Peace in Tigray?

A fragile ceasefire in Ethiopia
Villagers returning from a market in the town of Yechila pass burned vehicles in Ethiopia’s Tigray region, July 10, 2021 (CNS photo/Giulia Paravicini, Reuters).

On November 2, good news emerged from a peacemaking summit in Pretoria, South Africa. Nearly two years after a civil war began in Ethiopia, leaders from the Ethiopian government and Tigray People’s Liberation Front (TPLF) announced a ceasefire. The war has left hundreds of thousands of people dead, including many civilians. It has displaced millions more from the Tigray region, many of whom have fled to Sudan. Those who remain behind have faced dire shortages of food and medical care, especially after the Ethiopian government cut off supply lines to the region. International bodies have accused the government of using starvation as a weapon to cow residents into submission.

The conflict began on November 3, 2020, when Tigray special forces attacked an Ethiopian National Defense Force (ENDF) base in the Tigrayan capital, Mekelle, after months of tension. Ethiopian Prime Minister Abiy Ahmed ordered ENDF troops to capture the city. He also collaborated with Eritrean forces—which have their own historic animosity toward Tigrayans because of their role in the Ethiopian-Eritrean War of 1998–2000—as they attacked the TPLF from the north. Since then, however, the TPLF has recaptured Mekelle, advanced into the neighboring regions of Amhara and Afar, and almost marched on the Ethiopian capital, Addis Ababa.

If the world wants to see a lasting peace in Ethiopia, it must keep pressure on Abiy to hold up his end of the deal.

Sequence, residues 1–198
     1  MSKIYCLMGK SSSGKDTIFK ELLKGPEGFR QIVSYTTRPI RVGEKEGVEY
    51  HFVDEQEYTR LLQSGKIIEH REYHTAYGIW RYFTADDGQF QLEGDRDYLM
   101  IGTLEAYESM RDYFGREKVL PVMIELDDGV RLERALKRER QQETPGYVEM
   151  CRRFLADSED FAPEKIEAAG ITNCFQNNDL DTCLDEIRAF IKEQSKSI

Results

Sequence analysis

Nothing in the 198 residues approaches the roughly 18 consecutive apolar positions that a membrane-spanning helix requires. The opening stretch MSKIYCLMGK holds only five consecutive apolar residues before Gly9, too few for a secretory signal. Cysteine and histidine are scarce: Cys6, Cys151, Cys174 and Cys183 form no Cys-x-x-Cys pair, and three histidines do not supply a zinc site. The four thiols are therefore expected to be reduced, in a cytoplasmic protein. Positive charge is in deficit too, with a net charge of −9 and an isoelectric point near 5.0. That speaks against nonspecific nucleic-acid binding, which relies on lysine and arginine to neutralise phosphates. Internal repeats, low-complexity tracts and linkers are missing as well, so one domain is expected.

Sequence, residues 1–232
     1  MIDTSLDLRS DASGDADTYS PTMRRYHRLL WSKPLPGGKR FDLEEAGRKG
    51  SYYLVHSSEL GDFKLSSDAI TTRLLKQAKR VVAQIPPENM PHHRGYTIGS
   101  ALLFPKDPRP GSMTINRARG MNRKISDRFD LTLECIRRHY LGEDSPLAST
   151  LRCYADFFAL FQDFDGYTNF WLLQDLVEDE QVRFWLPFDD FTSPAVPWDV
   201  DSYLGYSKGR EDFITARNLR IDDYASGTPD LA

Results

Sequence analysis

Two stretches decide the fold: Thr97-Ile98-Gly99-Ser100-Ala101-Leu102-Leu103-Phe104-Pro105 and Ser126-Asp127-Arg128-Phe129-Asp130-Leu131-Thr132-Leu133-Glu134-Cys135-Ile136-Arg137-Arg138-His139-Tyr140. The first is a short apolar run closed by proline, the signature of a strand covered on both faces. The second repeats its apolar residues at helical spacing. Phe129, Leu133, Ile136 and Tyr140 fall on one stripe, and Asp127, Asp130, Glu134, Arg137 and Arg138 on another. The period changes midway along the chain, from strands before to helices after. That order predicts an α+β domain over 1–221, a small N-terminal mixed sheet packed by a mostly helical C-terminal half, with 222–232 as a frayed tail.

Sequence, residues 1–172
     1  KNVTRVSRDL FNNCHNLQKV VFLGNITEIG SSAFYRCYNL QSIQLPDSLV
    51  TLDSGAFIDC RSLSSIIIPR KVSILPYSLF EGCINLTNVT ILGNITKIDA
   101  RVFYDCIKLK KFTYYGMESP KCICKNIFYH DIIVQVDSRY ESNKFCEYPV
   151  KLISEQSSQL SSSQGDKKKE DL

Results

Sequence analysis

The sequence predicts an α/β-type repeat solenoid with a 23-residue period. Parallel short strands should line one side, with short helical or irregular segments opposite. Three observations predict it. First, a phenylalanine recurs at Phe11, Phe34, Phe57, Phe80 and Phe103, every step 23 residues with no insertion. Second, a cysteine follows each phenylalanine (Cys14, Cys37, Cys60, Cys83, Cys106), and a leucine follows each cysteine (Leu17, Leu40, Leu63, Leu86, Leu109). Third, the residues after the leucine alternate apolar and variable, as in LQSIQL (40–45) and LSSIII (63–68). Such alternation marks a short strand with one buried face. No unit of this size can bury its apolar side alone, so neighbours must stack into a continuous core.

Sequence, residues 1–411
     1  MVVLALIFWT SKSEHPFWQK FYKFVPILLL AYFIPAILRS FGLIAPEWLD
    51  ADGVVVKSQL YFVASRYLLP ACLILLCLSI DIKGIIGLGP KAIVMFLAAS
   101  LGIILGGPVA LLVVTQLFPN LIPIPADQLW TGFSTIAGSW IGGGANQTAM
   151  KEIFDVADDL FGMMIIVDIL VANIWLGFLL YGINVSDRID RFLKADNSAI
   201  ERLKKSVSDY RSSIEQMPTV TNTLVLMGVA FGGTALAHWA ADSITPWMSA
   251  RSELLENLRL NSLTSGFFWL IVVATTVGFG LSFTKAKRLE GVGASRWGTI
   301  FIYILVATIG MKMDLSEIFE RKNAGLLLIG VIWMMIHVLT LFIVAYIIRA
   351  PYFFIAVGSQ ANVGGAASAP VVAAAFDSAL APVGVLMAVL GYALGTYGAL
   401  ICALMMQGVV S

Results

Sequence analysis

Early in the conflict, Abiy ordered a media blackout; telecommunications networks were shut down and journalists were prohibited from covering the war. This has made it difficult for international bodies or the media to know exactly what has occurred in Tigray during the past two years. It is still not fully clear, for example, whether Tigray militias were the victims or the perpetrators of the horrific Mai Kadra massacre, in which upwards of a thousand people died.

The ceasefire is a welcome development after so much suffering. In the agreement overseen by the African Union, the TPLF pledged to disarm in exchange for the reopening of supply lines to Tigray, where there is urgent need of humanitarian aid. The Tigrayan regional government will be reincorporated into the national government, which will regain control of all federal facilities in Tigray and, in return, has vowed to rebuild damaged infrastructure in the region.

But some worry the agreement is destined to fail. Abiy has bragged that he received “100 percent” of his demands in the agreement. The timeline for Tigrayan disarmament is only thirty days—arguably far too short a period. Eritrea was not party to the peace process, and is not mentioned in the agreement. It is not even clear whether Eritrean forces will leave Tigray. As Mohamed Kheir Omer wrote in African Arguments, “It is difficult to imagine how Tigray soldiers will feel confident laying down their arms when Eritrean soldiers, who intervened in support of [the] federal government, are still believed to be present in the region.”

If the world wants to see a lasting peace in Ethiopia, it must keep pressure on Abiy to hold up his end of the deal. The United States, which attempted to facilitate a peace process months ago, holds some power here. Abiy is looking for IMF and World Bank loans to finance his legacy domestic projects; President Biden ought to make it clear that the United States will not support the extension of credit unless humanitarian aid arrives in Tigray on schedule. As Olusegun Obasanjo, the former Nigerian president and current head of the African Union, insisted, the peace deal “is not the end of the peace process, but the beginning of it.”

Published in the December 2022 issue: 

Regina Munch is an associate editor at Commonweal.

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